In reviewing Petitioner's first claim-that trial counsel was ineffective in failing to file a motion to suppress the videotape of his statement to police-the Illinois appellate court first noted that the decision to move to suppress evidence is traditionally a matter of trial strategy and such a decision typically cannot support an ineffective assistance claim. (Post-Conviction Order at 12.) Petitioner's trial counsel opted, instead, to challenge his warrantless arrest and all evidence obtained therefrom, including the video statement. (Id. at 13.) The appellate court found that the decision to challenge the arrest, thereby indirectly challenging the statement, demonstrated trial counsel's professional judgment that such a motion had a greater potential for success than a motion to suppress the allegedly coerced statement directly. (Id.) And, the court added, counsel is not required to make losing motions in order to provide effective assistance. (Id. at 12.)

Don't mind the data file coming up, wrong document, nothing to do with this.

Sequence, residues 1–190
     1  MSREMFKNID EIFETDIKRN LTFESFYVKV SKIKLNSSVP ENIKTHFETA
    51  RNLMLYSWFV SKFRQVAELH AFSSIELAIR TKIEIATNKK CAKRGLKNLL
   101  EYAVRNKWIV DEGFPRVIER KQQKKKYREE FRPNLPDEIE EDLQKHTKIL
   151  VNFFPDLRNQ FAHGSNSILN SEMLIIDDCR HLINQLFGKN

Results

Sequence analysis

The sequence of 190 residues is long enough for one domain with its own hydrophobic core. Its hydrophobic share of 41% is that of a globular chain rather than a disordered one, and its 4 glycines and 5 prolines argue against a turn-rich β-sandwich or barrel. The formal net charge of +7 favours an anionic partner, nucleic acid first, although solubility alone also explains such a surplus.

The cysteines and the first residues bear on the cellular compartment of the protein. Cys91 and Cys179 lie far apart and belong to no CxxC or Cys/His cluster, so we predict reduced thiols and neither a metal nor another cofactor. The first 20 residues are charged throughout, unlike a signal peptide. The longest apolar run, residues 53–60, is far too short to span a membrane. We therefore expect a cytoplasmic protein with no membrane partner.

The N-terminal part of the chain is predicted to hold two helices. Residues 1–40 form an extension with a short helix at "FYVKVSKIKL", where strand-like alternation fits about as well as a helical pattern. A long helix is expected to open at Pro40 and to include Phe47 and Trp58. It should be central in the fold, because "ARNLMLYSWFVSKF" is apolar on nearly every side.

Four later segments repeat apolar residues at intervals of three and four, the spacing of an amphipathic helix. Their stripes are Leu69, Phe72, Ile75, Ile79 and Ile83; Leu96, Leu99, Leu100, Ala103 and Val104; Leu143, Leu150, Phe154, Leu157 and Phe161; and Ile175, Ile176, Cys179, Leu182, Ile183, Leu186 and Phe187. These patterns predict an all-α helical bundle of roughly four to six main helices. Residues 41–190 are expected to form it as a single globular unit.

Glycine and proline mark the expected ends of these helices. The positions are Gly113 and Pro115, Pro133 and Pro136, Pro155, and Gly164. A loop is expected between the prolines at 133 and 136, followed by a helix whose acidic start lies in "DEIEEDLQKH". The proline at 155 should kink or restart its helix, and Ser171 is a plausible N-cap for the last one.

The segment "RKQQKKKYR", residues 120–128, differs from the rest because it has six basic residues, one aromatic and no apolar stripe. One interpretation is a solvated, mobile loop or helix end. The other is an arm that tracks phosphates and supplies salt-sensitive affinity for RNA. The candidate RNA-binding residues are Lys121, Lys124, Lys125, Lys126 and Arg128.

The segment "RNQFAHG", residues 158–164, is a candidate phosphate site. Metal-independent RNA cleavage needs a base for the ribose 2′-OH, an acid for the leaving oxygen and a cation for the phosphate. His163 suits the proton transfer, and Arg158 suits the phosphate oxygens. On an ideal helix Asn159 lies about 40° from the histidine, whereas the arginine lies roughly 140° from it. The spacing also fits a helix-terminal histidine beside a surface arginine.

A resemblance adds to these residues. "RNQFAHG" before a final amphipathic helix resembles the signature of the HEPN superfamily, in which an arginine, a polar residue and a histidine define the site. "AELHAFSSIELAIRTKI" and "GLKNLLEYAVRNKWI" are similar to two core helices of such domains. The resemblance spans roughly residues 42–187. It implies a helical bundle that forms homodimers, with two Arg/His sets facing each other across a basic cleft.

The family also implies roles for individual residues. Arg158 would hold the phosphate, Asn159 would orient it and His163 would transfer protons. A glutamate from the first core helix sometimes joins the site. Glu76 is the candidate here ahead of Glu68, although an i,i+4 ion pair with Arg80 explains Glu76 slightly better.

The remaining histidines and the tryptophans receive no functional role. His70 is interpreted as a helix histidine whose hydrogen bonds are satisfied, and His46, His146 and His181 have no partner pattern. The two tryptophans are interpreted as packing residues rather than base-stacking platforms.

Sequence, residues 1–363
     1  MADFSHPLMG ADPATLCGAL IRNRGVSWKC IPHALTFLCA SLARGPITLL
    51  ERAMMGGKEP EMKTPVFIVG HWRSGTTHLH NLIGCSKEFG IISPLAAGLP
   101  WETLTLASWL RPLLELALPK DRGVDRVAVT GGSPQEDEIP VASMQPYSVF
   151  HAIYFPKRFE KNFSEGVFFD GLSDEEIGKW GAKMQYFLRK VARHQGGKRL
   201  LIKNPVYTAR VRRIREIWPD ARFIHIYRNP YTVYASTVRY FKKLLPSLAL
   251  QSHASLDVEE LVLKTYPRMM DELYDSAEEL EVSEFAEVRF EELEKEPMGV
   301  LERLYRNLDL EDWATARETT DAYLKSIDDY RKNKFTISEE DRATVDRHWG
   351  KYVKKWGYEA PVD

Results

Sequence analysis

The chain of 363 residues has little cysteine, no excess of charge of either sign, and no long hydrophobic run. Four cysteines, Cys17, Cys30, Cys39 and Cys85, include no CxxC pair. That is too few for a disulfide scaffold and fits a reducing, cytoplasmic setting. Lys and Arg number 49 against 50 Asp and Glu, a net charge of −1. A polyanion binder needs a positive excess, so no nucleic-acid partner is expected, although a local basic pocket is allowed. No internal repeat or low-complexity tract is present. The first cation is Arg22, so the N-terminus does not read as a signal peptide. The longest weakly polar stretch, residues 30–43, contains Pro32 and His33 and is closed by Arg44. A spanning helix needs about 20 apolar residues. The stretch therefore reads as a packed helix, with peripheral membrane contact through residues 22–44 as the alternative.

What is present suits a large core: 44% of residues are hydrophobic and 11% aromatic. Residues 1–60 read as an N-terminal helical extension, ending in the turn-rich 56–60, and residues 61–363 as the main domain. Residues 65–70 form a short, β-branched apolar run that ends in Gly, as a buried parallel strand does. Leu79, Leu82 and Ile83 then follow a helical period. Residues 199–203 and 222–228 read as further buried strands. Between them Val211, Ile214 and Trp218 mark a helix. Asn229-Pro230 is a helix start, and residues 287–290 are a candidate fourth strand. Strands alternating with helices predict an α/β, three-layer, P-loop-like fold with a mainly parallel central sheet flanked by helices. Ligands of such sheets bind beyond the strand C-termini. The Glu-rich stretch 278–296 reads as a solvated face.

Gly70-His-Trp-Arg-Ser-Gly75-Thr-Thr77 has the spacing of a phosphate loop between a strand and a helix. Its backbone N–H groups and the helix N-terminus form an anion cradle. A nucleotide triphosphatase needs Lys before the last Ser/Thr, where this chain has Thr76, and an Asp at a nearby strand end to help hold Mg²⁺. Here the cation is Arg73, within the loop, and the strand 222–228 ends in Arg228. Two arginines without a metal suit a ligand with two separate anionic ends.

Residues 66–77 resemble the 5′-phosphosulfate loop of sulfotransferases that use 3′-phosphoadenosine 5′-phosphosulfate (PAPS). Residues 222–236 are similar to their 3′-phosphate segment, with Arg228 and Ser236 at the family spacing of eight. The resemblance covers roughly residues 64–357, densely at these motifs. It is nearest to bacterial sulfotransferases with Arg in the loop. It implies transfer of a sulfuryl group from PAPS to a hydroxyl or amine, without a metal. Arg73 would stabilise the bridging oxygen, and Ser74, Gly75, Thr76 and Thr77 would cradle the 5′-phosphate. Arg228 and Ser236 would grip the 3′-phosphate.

Indeed, a motion to suppress Petitioner's statement on the basis that it was the result of police coercion appears to have had no chance of success. As the appellate court observed, the video of the statement shows Petitioner sitting calmly at a table, assenting to the waiver of his Miranda rights, and calmly answering questions. (Id. at 13.) Of particular import, at the conclusion of the statement and without any prompting from police, Petitioner volunteered the statement that "he wanted the judge to know that he was willing to cooperate with the investigation." (Id.) Given the complete dearth of evidence of coercion and Petitioner's apparent strategic desire to cooperate, the appellate court concluded that trial counsel's decision not to move to suppress the statement on that basis cannot be said to fall below an objective standard of reasonableness. This court cannot say that the state court's assessment here was contrary to, or an unreasonable application of, the Strickland standard.*fn13